59 cincuenta y nueve

If you’re interested in learning the Spanish for numbers 60-100, here they are:

60 sesenta

61 sesenta y uno (Pronunciation: seh-sehn-tah ee oo no)

62 sesenta y dos (Pronunciation: seh-sehn-tah ee dos)

63 sesenta y tres (Pronunciation: seh-sehn-tah ee tres)

64 sesenta y cuatro

65 sesenta y cinco

66 sesenta y seis

67 sesenta y siete

68 sesenta y ocho

69 sesenta y nueve

70 setenta

71 setenta y uno

72 setenta y dos

73 setenta y tres

74 setenta y cuatro

75 setenta y cinco

76 setenta y seis

77 setenta y siete

78 setenta y ocho

79 setenta y nueve

80 ochenta

81 ochenta y uno

82 ochenta y dos

83 ochenta y tres

84 ochenta y cuatro

85 ochenta y cinco

86 ochenta y seis

87 ochenta y siete

88 ochenta y ocho

89 ochenta y nueve

90 noventa

91 noventa y uno

92 noventa y dos

93 noventa y tres

94 noventa y cuatro

95 noventa y cinco

96 noventa y seis

97 noventa y siete

98 noventa y ocho

99 noventa y nueve

Knowing numbers will help you if you travel in a Spanish-speaking country.

100 cien

101 ciento uno


For more numbers in Spanish, check out The Giant List of Spanish Numbers 1-1000+.

How to Practice with Flash Cards

If you’re having trouble learning numbers in Spanish, it’s a great opportunity to take advantage of some of the online games, spanish number games, flash cards and other study tools available to you – for free!

For example, Quizlet is a fantastic resource for practicing numbers and other Spanish vocabulary words. In fact, you can find free resources there for any target language you are practicing.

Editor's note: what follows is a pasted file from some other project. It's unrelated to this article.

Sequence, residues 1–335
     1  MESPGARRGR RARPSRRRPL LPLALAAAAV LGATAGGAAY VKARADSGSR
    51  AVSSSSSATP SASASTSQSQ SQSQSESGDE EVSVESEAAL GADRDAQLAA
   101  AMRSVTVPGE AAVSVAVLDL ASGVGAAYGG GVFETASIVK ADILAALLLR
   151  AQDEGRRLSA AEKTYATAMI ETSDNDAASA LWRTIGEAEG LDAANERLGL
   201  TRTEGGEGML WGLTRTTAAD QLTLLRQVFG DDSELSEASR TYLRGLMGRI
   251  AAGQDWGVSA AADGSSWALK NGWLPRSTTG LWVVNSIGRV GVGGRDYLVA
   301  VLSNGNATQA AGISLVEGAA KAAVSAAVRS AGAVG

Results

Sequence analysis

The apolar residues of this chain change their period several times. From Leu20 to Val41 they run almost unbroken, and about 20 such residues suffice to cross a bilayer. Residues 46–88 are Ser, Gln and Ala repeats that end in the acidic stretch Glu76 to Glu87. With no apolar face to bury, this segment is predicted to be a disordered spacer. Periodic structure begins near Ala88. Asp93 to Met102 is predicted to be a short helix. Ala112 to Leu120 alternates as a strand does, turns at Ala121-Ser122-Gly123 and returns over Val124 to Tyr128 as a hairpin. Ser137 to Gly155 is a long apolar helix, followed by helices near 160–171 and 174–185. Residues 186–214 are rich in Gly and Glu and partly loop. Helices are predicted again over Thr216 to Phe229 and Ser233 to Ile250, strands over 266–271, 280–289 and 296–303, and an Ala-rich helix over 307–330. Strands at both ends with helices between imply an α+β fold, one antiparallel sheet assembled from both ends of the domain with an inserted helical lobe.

On Quizlet, you can search for Flashcard Sets created by students who have come before you, studying the very same thing. Pro Tip: Look for flashcard sets that have been created by Spanish teachers. If the flashcard set was created by another student, there may be errors.

Once you click on a flashcard set, you can participate in a variety of games that will help you learn the words.

To practice Spanish Numbers 1-50, try this Quizlet Flashcard Set.

Once inside this Flashcard Set, click on “Learn” to answer multiple choice questions about the Spanish numbers.

Click on “Write” to practice writing the numbers.

Click on “Spell” to practice listening comprehension and spelling.

Click on “Test” to give yourself a practice quiz about the vocabulary words.

Click on “Match” & “Gravity” to play fun, fast-paced games that will help you learn the words.

Quizlet will keep track of your score in each section so you can monitor your progress as you learn. You’ve got this!

If you prefer pen and paper, here is a printable worksheet you can practice with. This teacher offers fill-in-the-blanks, a word search, crossword puzzles, and more.

Helpful Tips

Here are some helpful tips when using numbers in Spanish:

  • All spanish numbers are singular, masculine nouns.
  • Whether to use un/una depends on the gender of the noun. If you are describing one singular, masculine noun such el libro you would use “un”. The Spanish translation of un libro is either “a book” or “one book.”
  • A note about pronunciation of native speakers: There are different ways to pronounce the letters c and z. In Latin America, the letters c and z are pronounced as S, while in Spain you will hear a TH sound.
  • When you get into the thousands and above, you should know that Spanish speakers use decimal points instead of commas. For example, 1.000 = 1,000